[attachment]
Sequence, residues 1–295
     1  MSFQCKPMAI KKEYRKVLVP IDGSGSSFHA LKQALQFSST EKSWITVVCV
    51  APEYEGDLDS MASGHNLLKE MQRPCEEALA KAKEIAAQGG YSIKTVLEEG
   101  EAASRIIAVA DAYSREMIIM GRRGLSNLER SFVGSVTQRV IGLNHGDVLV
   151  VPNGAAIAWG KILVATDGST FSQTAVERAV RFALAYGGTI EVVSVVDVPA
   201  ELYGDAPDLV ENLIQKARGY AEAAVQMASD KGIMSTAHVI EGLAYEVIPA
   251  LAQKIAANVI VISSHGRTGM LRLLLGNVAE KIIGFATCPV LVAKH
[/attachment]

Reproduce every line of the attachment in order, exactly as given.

Sequence, residues 1–295
     1  MSFQCKPMAI KKEYRKVLVP IDGSGSSFHA LKQALQFSST EKSWITVVCV
    51  APEYEGDLDS MASGHNLLKE MQRPCEEALA KAKEIAAQGG YSIKTVLEEG
   101  EAASRIIAVA DAYSREMIIM GRRGLSNLER SFVGSVTQRV IGLNHGDVLV
   151  VPNGAAIAWG KILVATDGST FSQTAVERAV RFALAYGGTI EVVSVVDVPA
   201  ELYGDAPDLV ENLIQKARGY AEAAVQMASD KGIMSTAHVI EGLAYEVIPA
   251  LAQKIAANVI VISSHGRTGM LRLLLGNVAE KIIGFATCPV LVAKH